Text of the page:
Machu Picchu, Inca Trail
Inca Trail or Camino Inca is a hiking trail in Peru that ends at Machu Picchu. Walking the Inca Trail to Machu Picchu, makes you think of its vastness and how the Incas must have built this, in ancient times.
Machu Picchu, also known as “The Lost City of the Incas”dates from 1450.
The Incas built the city for the great Inca Emperor, Pachacuti.
American explorer Hiram Bingham discovered the archaeological site in 1911. The site remained untouched for hundred of years, since the Spanish Invasion in 16th century. The Spanish Invasion marked the end of the Incan Empire.
Description of the Inca trail
The Classic Inca trail to Machu Picchu is 45 km long. The trail begins at Kilometre 82- Piscacucho.
At 82 kilometre from Cusco was the first checkpoint, where our passes and passports were checked.
After crossing Vilcanota River, we followed the trail at the right.
The first day took in 12 km mix of flat, wide track interspersed with a few steep inclines and descents, following the river Urubamba.
We first passed Willcarakay, a rundown ruin site. After 5 kms we reached the first major Incan ruin site at Llactapata, with its iconic terraces, built into steep hillsides for better farming.
After 6 hours we reached the first camp at Wayllabamba.
The second day was the most challenging.
We climbed to the highest pass of the trail “Dead Woman’s Pass” ( Abra de Huarmihuanusca) at 4200 m.
According to the legend. a young Inca Princess was sacrificed and buried here.
According to our guide Huan, the name was given as the pass shape resembles a woman lying down.
The trail starts at 2650 m and climbs to 4200 m, the highest point on the trail. It took seven hours and was mostly uphill on narrow rocky path.
From Dead Woman’s Pass, a steep descent followed to the second campsite Pacaymayo at 3600 m.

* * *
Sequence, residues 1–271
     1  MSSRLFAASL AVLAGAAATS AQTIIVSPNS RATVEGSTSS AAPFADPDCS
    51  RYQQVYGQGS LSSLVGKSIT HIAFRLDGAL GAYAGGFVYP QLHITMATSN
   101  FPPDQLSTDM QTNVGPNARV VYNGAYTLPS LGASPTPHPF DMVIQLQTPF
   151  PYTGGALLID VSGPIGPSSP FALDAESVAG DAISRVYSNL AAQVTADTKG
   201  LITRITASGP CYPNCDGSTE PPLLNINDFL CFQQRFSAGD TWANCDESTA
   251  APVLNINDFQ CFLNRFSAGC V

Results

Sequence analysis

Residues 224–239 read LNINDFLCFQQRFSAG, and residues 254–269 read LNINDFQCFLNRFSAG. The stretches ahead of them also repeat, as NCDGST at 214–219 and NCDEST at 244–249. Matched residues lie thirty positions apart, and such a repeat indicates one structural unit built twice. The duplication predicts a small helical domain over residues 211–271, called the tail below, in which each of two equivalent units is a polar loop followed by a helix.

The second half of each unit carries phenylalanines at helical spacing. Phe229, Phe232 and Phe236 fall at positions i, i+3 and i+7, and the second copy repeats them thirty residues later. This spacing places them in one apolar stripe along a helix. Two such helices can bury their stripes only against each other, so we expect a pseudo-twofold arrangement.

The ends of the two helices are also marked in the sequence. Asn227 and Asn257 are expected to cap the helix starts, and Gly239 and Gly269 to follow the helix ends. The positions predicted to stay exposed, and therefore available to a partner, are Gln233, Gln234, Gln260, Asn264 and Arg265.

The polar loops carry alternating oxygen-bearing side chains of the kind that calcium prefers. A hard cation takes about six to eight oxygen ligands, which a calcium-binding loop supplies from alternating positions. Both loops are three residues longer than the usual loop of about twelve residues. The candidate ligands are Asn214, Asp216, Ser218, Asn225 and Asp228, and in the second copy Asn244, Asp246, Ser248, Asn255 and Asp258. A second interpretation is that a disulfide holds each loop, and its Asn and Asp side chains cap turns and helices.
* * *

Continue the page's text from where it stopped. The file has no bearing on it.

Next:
The total distance trekked is 16 kms.
From Pacaymayo camp, the trail climbs to Inca ruins, Runcu Raccay. From the second pass Abru de Runkurakay, the trail descends Inca paving steps.
The path was a little more winding with the majority downhill. We passed significant Inca ruins, Sayacmarca (“Inaccessible town”) and Phuyupatamarca (“Town in the Clouds”).
The walk passes through Inca Tunnel and magnificent cloud forests full of flowers, hanging moss, ferns and orchids.
After 6 hours, we reached the last camp at Winay Wayna (“Forever Young”).
At 5:30 we started walking, reaching the Sun Gate (Intipunku) after a steep flight of 50 steps.
Around 7:00 o’clock we watched the first rays of sun shining over Machu Picchu.
The end of the trek was magical.
Machu Picchu proved to be a perfect symbiosis between ancient ruins and stunning landscape.
CAMINO INCA (as narrated by my daughter)
Day 1- the beginning…
After six months of anticipation, the first day of the Inca Trail had arrived.
The walk started at Ollantaytambo, the hub that everyone travels through to get to Machu Picchu, one of the seven wonders of the world.
There we caught a glimpse of the luxurious way to travel, the train. We however. were taking the other way, a way that involved walking all day, sleeping in tents and no hot showers.
The landscape was new and exciting. We followed a path along the river for a little while, and parts of the trail had stunning views of the Cordillera Urubamba and the snow capped peak of Veronica.
The weather was unpredictable to say the least. As we began our journey it started to rain. We all stopped to put our rain ponchos on, ensuring they covered our bags so that our clothes would remain dry for the cold night ahead.
However, ten minutes later the sun came out and all of a sudden we were hot, wearing way too many layers. We had to stop to shed all the clothes that we frantically had just put on.
This continued throughout most of the first day and I was hoping this routine was not a preview of what the weather had in store for the next few days.
However, thankfully Pachamama (the Andean goddess known as mother earth) smiled down on us and the weather for the remaining days was superb, apparently a rare event.
Before half way through the first day was even through, we had managed to spot some goats on rocks just meters from where we were walking. We also had four seasons in one day and saw our first Inca archaeological site.
Halfway through the day we stopped for lunch.
We got to the site for lunch and were treated with a feast. Throughout the three days my admiration for the crew, the cook and porters, would continue to grow.
The food was amazing, some of the best cuisine I had eaten in all of Peru and cooked with camp fire equipment, plus there was always an abundance, which is rare in Peru where they often eat and serve small portions.
The first day of the trek was relatively easy, with a few inclines. This became to be known to us as Inca flat. The first day eased us in and served as training for the days to follow.